Study of bird songs provide insight into how developing brain forms memories
CHICAGO, (Xinhua) — Researchers at the University of Chicago (UChicago) have found for the first time that a key protein complex in the brain is linked to the ability of young animals to learn behavioral patterns from adults.
A specific neural signal, the mechanistic Target of Rapamycin (mTOR) cascade, regulates the ability of juvenile zebra finches to form accurate memories of songs taught to them by adult birds, the research finds.
This suggests mTOR’s function in regulating protein synthesis may be involved, since protein synthesis is known to be a key feature of long-term memory formation.
The results have potentially provided new insight into children affect by neurodevelopmental disorders, as disruptions related to mTOR have been associated with autism spectrum disorders in humans.
“In the last five to 10 years, there seems to be a convergence on the mTOR cascade as a common disrupted process in autism spectrum disorders. We are not investigating autism per se, but what got our attention was that the zebra finches model a similar kind of situation,” said Sarah London, assistant professor in the Department of Psychology of UChicago.
For the study, the researchers first confirmed the mTOR cascade was present in the brain of a juvenile zebra finch, and then established the cascade was activated in the auditory forebrain when a bird heard a song. They found that temporarily pharmacologically inhibiting or enhancing mTOR activation in the auditory forebrain directly diminished the ability of the bird to copy song from an adult tutor.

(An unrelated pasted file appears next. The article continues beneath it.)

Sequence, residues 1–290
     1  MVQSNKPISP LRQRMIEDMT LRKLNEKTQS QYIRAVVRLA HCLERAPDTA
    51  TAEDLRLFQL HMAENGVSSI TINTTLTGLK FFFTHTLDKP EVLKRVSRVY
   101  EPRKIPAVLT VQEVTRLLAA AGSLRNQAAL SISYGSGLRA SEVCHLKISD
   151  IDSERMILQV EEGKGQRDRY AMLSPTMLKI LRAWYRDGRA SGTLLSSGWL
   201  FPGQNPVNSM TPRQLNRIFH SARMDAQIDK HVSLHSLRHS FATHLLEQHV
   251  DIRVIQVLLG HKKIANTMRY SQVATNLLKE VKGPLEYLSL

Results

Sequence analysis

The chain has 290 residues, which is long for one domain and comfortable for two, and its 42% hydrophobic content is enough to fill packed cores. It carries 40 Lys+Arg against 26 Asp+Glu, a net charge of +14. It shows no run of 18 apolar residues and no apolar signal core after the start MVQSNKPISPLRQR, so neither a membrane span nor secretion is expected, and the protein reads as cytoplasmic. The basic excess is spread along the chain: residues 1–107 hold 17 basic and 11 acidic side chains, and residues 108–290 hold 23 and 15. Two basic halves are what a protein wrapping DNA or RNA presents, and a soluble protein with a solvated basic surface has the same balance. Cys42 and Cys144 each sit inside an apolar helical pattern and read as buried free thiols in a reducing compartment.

When molecular signaling in the auditory forebrain was disrupted during daily encounters with adult tutors, young zebra finches produced shorter and less complex songs that no longer reflected the tutor’s song. Using software specifically designed for vocal comparison, the researchers analyzed the song patterns of the adults and the juvenile males with whom they interacted. The juvenile birds whose mTOR activation was modified by drug infusions retained the ability to sing and to mimic acoustic elements of the tutor’s songs, but were unable to duplicate entire song structures.
“We had evidence from other lab studies that mTOR inhibition disrupted learning events, and we had evidence that its activation did also, ” London said.
In addition to measuring the effects on song copying, the researchers also determined how mTOR activation influenced social engagement. During birds’ song interaction with tutors, they recorded the position of the young birds in and out of a “hot zone” near the tutor’s perch. Birds who had pharmacologically elevated levels of mTOR activation demonstrated less engagement with the adults. This is similar to what has been observed in children diagnosed with autism spectrum disorders, who often have mutations predicted to increase levels of mTOR signaling.
The finding presents a new opportunity to understand mechanisms by which social interactions enhance vocal learning ability of zebra finches and children, London believes.
The research finding by UChicago has been published in the Proceedings of the National Academy of Sciences on July 24